The New Liberals leader and barrister Victor Kline has announced that members of the political party will work alongside an experienced criminal barrister in launching a private legal case against Christian Porter on behalf of the alleged rape victim and for “every single woman whom ‘the Honourable’ swinging dicks have humiliated”.
CW: Rape, sexual assault and suicide.
After reading the newly publicly available dossier detailing historic rape allegations against the former attorney-general, Victor Kline and party member for Robertson, Vania Holt, have announced that they have launched a private legal case. Both have extensive experience in this space, having left prosecutor roles in favour of politics.
While Mr Kline will not run the legal action – opting instead to stay apart so that he could continue commenting on the allegations – Ms Holt will be taking on the role of instructing solicitor, assisted by new law graduate Eric Zhang. They will work with criminal barrister Mark Higgins and senior sex crimes detective Susan Campbell.
“For those who say we are prosecuting [Mr] Porter for political gain, be assured we are doing it for [AB] and for the justice of the situation, which screams out for it. And for every single woman whom ‘the Honourable’ swinging dicks have humiliated and abused inside and outside of Parliament,” Mr Kline tweeted recently.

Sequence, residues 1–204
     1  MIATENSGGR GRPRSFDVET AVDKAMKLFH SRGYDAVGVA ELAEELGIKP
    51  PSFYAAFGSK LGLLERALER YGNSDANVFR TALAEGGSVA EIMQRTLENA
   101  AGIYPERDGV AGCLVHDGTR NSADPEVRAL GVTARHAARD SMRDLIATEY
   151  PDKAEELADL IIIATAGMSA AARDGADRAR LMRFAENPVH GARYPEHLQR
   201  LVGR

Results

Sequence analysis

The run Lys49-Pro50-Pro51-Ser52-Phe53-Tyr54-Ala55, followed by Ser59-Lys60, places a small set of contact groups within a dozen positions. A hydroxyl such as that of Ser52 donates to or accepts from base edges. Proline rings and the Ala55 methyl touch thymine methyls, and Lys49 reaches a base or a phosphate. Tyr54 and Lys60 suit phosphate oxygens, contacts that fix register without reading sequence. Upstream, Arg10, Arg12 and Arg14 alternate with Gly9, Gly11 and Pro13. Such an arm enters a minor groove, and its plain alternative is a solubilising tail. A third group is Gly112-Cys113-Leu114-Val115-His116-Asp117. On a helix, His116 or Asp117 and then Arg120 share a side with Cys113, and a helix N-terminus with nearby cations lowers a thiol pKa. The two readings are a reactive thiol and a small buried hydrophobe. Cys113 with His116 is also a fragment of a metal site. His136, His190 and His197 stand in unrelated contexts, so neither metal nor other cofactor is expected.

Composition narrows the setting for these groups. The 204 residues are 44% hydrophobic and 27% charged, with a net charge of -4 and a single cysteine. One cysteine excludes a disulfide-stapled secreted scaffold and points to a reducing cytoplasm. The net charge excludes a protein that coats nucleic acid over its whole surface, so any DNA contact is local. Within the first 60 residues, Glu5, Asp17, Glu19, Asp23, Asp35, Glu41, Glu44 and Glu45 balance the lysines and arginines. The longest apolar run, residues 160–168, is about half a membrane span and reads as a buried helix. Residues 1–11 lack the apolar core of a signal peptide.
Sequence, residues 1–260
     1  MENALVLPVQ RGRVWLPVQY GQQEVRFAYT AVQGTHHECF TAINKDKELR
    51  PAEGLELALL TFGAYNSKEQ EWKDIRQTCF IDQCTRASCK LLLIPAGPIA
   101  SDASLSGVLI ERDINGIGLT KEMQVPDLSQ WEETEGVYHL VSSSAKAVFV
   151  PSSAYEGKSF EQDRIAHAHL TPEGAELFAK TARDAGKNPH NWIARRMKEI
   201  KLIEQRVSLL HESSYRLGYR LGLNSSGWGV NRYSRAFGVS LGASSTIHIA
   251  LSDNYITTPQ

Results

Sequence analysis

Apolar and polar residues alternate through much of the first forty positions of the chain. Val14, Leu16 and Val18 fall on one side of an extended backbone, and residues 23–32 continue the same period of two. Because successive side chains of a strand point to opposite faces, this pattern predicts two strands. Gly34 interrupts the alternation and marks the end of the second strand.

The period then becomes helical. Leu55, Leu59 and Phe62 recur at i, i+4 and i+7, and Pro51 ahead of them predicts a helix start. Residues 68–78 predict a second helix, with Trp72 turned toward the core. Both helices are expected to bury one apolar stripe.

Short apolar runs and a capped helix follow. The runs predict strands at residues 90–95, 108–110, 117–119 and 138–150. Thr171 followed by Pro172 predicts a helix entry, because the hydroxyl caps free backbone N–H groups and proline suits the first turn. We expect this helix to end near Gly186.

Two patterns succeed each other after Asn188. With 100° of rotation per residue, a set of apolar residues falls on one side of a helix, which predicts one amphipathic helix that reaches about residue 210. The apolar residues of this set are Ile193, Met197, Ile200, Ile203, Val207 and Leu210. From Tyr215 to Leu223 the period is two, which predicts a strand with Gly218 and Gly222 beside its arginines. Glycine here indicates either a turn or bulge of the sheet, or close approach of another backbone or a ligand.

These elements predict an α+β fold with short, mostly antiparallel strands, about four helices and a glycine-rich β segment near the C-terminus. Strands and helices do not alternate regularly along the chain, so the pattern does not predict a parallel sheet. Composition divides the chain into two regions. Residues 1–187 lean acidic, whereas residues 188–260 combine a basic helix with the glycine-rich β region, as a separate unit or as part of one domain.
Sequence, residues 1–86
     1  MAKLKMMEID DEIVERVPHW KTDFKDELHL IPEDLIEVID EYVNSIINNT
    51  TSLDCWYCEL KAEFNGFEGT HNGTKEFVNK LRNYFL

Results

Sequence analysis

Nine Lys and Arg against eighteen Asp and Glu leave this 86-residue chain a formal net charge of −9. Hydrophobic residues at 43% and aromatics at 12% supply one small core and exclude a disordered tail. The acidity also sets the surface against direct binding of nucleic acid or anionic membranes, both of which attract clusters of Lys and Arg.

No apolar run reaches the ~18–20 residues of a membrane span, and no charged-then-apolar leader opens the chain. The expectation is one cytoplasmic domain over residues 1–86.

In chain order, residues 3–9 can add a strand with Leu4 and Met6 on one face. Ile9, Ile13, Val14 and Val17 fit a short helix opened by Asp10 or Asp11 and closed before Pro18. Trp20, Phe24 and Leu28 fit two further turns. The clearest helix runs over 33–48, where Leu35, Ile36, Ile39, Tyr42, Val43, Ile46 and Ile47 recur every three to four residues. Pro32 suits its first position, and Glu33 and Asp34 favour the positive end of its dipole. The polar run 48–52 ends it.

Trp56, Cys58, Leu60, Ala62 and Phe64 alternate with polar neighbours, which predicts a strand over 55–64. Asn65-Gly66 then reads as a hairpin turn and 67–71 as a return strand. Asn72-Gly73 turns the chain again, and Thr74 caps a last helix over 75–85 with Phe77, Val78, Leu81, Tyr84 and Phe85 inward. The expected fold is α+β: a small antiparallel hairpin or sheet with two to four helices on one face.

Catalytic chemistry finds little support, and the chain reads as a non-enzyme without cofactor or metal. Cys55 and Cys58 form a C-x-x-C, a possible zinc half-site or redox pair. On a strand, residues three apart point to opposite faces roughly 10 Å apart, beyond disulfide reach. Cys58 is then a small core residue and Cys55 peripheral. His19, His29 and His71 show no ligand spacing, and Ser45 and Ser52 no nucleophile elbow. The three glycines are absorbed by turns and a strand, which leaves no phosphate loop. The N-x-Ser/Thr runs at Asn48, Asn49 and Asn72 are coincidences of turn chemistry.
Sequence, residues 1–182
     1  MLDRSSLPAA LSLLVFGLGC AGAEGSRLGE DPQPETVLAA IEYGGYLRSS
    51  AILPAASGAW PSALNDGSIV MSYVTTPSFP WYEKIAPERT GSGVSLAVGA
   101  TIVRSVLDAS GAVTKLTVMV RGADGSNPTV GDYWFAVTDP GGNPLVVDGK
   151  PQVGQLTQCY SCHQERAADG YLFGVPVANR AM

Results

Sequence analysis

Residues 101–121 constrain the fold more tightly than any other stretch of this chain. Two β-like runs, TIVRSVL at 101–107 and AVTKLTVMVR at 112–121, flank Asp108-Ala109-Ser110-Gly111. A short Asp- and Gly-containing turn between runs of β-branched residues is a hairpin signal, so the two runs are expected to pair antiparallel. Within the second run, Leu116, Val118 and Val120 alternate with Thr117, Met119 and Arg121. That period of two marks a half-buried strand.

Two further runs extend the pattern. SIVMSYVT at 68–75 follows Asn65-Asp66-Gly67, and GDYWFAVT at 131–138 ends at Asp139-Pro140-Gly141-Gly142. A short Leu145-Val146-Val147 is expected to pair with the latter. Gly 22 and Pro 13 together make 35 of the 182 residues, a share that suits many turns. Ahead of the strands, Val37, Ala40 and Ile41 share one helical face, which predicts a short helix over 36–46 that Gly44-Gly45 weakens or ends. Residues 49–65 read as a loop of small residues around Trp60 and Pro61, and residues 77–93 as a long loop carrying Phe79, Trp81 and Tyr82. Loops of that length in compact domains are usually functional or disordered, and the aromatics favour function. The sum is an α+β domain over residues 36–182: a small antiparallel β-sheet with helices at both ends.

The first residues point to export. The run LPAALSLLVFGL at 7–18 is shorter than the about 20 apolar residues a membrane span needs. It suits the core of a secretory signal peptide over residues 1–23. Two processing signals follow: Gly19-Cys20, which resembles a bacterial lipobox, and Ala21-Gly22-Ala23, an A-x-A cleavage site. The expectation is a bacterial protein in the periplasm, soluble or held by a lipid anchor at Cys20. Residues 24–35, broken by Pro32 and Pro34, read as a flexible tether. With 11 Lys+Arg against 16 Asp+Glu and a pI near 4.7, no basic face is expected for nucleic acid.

The woman at the centre of the allegations – known as AB to the courts at request of her family – took her life last year after withdrawing a statement made to police. The dossier in full was recently released by the Federal Court following the conclusion of legal action launched against Christian Porter’s barrister, Sue Chrysanthou.
In the dossier, AB alleged she had been raped three times by Mr Porter in the early hours of 10 January 1988 and questioned whether date-rape drugs were used. The allegations have been strenuously denied by Mr Porter, who has recently launched appeal documents to reinstate Ms Chrysanthou’s ability to act for him.
In an opinion piece, Mr Kline said that as former prosecutors, he and Ms Holt knew that the strongest piece of evidence in many cases is something the accused might have said inadvertently during a police interview. This, he added, was “about as standard practice as there can be in a criminal case” but is missing in this instance.
“It didn’t make sense. But what did make sense was that justice demanded this case follow due process and go before a judge and jury. And what was entirely obvious was that no one in the police authorities in NSW was going to make that happen,” Mr Kline wrote, adding that the police had failed to give the NSW Department of Public Prosecutions the opportunity to “do their job” by shutting down a “strong” case.
Mr Porter’s solicitor Rebekah Giles, who represented him in his defamation action against the Australian Broadcasting Corporation (ABC) for an article that did not name him, has told media that Mr Kline’s move was a “stunt”, given that there is a “broad acceptance… that the credibility of the allegations is such that they are incapable of proof to any applicable legal standard criminal or civil”.
More to come.
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